Preface The book entitled “Ancestral Knowledge in Agri-Allied Science” is intended to be of vast application in the field of agriculture and it is hoped that it will prove of interest to numerous people working in the field of agri-allied sectors. The book is the compilation of several chapters contributed by different resource persons of the country working in the same field for several years.  This book is designed and covered several topics keeping in mind the background knowledge of the targeted reader of this book. The readers may be new in the field as well as the experienced professionals. The book has covered different Indigenous Traditional Knowledge (ITK) related to the agri-allied sector of the country. Another motto of this book is to document some of the knowledge of the indigenous people inhabiting in different geographical regions of the country with their own language, culture, tradition, belief, folklore, rites and rituals, which are eventually getting lost. Several researchers are working on ITK in different fields of agriculture and allied sectors. There is a demand on a standard book like this on the overview of ITKs of this sector. A foreseeable criticism of this book is that it is patchy in its coverage of the all the ITKs of the country in the concerned field- some are covered extensively and some are not. However, efforts were being done to cover major topics of all sectors. This book is designed in such a way that will give an overview of ITK, the differences between Science & ITK, different tools and techniques used in ITK, classification, importance & utilization of ITK, and recent ongoing researches on ITK in different parts of India.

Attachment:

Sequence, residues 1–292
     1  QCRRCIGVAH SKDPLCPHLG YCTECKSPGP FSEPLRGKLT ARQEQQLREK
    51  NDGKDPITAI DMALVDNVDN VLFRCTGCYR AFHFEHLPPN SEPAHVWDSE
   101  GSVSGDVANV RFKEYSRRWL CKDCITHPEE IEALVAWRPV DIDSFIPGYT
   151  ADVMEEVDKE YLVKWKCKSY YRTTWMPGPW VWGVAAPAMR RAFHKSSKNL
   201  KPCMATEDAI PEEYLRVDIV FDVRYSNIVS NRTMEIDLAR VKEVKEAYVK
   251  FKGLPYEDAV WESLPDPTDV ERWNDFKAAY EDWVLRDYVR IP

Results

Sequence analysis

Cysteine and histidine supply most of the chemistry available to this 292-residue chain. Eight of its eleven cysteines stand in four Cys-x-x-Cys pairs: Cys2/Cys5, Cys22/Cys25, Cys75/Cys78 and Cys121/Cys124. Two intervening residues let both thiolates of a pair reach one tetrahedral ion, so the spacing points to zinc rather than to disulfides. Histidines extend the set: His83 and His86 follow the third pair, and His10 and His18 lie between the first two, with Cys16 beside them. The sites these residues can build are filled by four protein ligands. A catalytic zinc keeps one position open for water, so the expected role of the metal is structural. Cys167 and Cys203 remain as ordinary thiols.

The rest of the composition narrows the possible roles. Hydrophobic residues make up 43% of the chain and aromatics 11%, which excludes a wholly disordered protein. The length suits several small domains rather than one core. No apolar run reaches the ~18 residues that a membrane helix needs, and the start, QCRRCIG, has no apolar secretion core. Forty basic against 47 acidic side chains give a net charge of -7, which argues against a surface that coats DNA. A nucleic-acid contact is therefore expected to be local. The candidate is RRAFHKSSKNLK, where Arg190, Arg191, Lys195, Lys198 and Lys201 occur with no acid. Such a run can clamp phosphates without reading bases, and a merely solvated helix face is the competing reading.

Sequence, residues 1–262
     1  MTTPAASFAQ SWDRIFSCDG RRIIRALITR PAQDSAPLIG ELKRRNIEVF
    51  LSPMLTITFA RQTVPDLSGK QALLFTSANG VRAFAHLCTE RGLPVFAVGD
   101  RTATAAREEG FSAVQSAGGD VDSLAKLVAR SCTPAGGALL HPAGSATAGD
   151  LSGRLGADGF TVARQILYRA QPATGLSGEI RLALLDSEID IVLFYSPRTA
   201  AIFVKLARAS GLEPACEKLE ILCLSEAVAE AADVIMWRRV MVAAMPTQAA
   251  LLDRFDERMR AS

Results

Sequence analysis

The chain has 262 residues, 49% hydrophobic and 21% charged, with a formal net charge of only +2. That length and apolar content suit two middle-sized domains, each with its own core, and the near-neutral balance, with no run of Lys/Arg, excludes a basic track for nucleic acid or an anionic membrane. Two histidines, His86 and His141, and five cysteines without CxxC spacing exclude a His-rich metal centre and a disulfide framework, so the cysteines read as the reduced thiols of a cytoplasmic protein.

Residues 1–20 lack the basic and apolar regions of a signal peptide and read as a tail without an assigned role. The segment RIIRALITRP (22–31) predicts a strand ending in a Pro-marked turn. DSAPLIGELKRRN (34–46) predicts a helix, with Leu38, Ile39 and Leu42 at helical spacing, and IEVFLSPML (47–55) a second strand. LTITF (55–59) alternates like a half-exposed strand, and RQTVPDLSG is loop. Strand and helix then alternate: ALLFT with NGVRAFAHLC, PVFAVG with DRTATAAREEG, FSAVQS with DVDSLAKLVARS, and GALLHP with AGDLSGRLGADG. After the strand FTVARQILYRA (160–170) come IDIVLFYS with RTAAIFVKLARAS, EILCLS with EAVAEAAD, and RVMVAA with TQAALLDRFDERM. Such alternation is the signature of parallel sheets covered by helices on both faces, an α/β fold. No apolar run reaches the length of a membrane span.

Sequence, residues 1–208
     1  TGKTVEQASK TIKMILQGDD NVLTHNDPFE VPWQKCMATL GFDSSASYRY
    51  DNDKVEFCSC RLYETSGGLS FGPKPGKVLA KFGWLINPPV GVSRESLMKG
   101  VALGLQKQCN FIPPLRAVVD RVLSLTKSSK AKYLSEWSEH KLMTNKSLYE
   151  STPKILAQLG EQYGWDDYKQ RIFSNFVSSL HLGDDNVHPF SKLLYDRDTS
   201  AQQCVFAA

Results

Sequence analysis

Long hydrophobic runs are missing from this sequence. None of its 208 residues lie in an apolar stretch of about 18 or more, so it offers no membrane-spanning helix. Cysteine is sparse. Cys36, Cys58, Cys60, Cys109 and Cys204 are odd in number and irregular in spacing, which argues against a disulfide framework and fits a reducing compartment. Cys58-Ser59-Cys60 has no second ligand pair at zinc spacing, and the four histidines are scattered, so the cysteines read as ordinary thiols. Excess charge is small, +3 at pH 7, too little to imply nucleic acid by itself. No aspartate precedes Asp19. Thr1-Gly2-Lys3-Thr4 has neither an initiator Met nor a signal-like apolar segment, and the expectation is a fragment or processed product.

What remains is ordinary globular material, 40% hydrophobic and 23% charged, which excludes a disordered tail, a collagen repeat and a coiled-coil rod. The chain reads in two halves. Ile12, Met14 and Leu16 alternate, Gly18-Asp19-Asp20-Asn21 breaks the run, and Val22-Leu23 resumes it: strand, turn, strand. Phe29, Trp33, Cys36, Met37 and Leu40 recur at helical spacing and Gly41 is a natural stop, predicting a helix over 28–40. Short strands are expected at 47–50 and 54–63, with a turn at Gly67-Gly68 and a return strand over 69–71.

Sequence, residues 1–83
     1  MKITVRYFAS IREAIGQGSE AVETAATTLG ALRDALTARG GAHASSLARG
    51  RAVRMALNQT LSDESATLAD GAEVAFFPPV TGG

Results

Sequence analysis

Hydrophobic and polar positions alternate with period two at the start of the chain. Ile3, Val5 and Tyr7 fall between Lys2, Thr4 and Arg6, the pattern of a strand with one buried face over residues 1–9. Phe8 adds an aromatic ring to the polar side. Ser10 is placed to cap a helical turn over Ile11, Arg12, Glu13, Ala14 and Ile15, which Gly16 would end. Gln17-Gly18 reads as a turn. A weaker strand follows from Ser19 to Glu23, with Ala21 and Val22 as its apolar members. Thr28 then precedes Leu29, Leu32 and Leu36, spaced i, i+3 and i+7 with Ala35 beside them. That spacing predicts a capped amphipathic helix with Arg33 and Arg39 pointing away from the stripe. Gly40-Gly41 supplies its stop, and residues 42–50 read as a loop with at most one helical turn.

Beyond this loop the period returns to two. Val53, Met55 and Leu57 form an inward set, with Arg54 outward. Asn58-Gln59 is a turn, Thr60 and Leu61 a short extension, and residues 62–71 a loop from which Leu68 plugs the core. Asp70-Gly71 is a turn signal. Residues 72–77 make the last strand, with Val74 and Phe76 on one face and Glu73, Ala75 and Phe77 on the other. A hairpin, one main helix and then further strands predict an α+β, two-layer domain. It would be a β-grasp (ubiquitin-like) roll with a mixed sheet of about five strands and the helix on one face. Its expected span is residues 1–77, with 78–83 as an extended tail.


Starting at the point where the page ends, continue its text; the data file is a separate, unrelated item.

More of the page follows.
1 An Overview of Indigenous Technical Knowledge in Relation to Agri-allied Sector
R.K. Saha, D. Nath and H. Saha